When it comes to buying a home, the decision of new vs. existing can be a tough one. In the past, the choice was easier since the cost of building a new home far exceeded purchasing an existing one. But with the recent surge in home sales, it’s no longer clear-cut. That is why having as much data as possible and a firm handle of the trade-offs is critical.

Take California for example; real estate trends show a resurgence in the construction of single-family homes. So far we’ve seen an impressive 16% increase in new builds over the previous year, which is expected to rise another 10% by the end of this one. In fact, this upcoming year is predicted to be the biggest for new homebuilders in over a decade.

A major reason for this increase? Rising demand. Across the state, year-to-date home sales have increased by 2.7%, with both Bay Area and Southern California showing even greater gains.

California Housing Market Sales Statistics

Southern California’s rise is despite an over 10% increase in median single family home prices to $566,240 for Los Angeles County, and a 6.9% increase to $785,000 for Orange County.

All trends aside, buying new or existing will boil down to your specific wants and needs. Here, some things to consider.

PROS: Buying New / Building from Scratch

New Home Construction

 Customization: With a new home, you can often work with a contractor to tweak the layout and amenities to your specifications, so that you’re tailoring the home to fit your lifestyle—rather than vice-versa. Sure, you can remodel an older home, but sometimes there are restrictions regarding what you can do. And let’s not forget the stress that inevitably comes with renovating, especially if you don’t know the right zoning info from the get go.

Energy Efficiency: New insulation, windows, and appliances translate to better, and less expensive, heating and cooling. And things like solar panels and geothermal heating will further lower those dreaded utility bills.

Minimal Maintenance: Contrary to existing homes, where it seems like something is always on the fritz, just-built homes require far less maintenance for the simple reason that everything is brand spanking new (warranties included!). That means you can better predict monthly costs.

Peace of Mind: Like buying a car or clothes, sometimes you just want to know that what you’re getting has never been used. Owning something new instantly puts to rest any concerns over what true or imagined horrors it might have endured before ending up in your hands.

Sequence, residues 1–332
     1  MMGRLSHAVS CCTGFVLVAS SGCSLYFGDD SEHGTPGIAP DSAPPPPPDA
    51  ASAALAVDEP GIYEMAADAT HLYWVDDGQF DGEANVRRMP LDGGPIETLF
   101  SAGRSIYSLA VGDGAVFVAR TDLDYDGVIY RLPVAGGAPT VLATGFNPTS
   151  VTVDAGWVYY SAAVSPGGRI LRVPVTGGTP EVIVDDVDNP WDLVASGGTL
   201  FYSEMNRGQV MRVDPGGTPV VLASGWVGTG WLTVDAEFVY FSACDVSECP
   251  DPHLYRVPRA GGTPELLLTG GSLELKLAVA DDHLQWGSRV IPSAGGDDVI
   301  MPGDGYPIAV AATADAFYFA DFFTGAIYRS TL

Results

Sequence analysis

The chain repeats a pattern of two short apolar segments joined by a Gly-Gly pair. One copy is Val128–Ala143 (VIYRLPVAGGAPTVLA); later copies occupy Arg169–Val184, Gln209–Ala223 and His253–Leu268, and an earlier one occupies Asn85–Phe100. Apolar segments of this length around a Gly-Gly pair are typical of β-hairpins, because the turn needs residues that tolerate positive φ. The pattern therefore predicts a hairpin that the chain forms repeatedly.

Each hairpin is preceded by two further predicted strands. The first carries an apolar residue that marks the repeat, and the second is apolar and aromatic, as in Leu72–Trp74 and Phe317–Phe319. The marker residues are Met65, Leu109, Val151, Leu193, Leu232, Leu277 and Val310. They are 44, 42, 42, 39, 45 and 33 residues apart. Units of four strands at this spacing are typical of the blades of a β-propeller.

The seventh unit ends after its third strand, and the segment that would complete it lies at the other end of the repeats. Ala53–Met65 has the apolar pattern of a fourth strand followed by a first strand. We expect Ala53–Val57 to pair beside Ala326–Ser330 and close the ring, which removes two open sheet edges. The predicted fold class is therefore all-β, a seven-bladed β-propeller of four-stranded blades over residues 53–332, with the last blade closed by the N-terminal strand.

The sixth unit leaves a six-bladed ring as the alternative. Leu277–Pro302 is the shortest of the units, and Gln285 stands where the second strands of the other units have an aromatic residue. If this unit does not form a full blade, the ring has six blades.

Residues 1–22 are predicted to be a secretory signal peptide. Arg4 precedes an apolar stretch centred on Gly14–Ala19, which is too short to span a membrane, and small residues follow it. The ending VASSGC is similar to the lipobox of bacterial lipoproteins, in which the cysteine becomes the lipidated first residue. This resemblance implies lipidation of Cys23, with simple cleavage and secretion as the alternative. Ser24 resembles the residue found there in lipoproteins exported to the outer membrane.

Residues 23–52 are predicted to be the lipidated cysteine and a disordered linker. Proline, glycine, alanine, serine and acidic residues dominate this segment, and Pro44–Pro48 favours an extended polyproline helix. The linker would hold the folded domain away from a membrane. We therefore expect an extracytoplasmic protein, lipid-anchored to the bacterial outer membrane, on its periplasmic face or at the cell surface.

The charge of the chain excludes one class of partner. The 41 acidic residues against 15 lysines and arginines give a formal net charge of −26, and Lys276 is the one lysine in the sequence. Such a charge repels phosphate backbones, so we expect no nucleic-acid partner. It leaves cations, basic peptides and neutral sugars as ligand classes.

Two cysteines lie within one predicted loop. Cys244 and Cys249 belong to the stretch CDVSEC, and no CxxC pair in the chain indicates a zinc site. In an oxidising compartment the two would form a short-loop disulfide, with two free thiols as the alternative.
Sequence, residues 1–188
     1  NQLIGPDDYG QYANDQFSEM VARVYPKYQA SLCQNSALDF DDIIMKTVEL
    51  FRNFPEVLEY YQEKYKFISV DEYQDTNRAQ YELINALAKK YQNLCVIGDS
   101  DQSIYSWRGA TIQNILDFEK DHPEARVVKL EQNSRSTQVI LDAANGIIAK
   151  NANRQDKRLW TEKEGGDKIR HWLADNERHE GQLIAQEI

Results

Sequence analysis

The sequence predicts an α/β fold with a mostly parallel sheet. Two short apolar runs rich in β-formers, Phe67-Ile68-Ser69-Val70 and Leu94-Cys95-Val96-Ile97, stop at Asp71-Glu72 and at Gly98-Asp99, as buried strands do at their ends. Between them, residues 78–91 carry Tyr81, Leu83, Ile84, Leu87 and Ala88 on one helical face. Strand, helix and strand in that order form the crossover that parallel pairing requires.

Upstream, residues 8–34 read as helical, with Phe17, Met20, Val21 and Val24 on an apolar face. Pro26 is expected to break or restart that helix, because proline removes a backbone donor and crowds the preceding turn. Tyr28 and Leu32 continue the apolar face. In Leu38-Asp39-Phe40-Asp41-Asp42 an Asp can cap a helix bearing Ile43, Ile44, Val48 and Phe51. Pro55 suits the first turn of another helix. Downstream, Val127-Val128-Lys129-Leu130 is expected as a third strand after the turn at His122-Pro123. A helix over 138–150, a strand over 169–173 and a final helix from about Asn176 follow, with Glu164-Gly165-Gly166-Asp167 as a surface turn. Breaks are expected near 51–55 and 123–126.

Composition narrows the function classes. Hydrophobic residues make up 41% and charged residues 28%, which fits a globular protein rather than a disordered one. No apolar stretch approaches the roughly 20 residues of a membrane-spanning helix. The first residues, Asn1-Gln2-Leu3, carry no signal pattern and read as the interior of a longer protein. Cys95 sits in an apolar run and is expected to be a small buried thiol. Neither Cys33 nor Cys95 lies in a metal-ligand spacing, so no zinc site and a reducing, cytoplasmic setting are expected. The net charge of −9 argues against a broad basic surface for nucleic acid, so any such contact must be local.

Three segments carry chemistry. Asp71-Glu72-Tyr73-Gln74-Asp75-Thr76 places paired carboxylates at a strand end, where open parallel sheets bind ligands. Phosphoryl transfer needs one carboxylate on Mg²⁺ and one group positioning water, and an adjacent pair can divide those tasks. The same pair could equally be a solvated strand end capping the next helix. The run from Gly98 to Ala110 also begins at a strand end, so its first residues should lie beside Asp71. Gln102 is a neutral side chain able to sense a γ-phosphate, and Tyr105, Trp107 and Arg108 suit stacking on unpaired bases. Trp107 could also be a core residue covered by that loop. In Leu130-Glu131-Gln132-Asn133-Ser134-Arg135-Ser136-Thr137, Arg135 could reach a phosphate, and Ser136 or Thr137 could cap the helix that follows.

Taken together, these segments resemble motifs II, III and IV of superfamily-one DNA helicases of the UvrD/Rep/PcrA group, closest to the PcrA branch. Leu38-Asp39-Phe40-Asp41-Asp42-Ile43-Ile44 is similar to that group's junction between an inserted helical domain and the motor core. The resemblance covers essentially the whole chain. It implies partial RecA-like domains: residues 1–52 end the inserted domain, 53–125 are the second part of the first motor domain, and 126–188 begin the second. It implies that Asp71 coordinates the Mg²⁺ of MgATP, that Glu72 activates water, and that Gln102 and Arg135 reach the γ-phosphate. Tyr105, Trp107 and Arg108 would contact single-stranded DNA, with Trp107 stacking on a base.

PROS: Buying Existing

Existing Home for Sale

• Price: According to the National Association of Home Builders, in August 2017 the median price of a new home in the United States was $300,200, while the median price of an existing home was $255,500. Simply put, buying old is typically less expensive than buying new. And if you’re building that home yourself, you’ll have to tack on additional costs like the price of the land and landscaping. 

• Quick TurnaroundOnce you’ve made the decision to buy, you don’t want to wait months, or sometimes even a year, to move in while a developer finishes building the home. Time is money.

Sellability: As much as you might not want to think about selling a house before even moving in, resale value should always be a consideration. Customized homes are great, but not everyone will appreciate your particular tastes after you leave. Maybe you loved that funky bathroom tile, 12-foot aquarium wall, or David Hasselhoff’s face carved into the bedroom ceiling. But chances are, highly specific additions like these could lower resale value.

Old-World Character: While an existing home certainly doesn’t assure good character, and it doesn’t necessarily mean old, history is one thing guaranteed never to come with a new home. Existing homes are often imbued with character and details that tell a story.

• Location: It’s common for newer homes to be located in underdeveloped neighborhoods, further away from city centers and in areas where zoning changes are more likely to occur. This is especially true for new housing developments, where you’ll not only be foregoing a well-established community, but you might just be living in a construction zone for the foreseeable future. 

Residential Neighborhood

Overall, the decision between buying new or existing comes down to location, price, convenience, and customization. Another critical consideration? Knowing how big a home can be, regardless of its age. This is one of the biggest drivers of resale value. 

Few ever think about this, due to the confusing nature and inaccessibility of zoning ordinances . Here’s where UnderBuilt steps in. We specialize in showing exactly how big a home can be by instantly analyzing the zoning requirements of a property and revealing any design bonuses permitted for it.

So if you’re considering an existing home but it’s not quite the size you want, look at the property’s UnderBuilt report to see what can be added. And if you’re buying new, obtain an UnderBuilt report to ensure you’re maximizing the potential of the property and getting the most bang for the buck right from the start.

To snag a zoning report, visit underbuilt.com and type in your address or APN.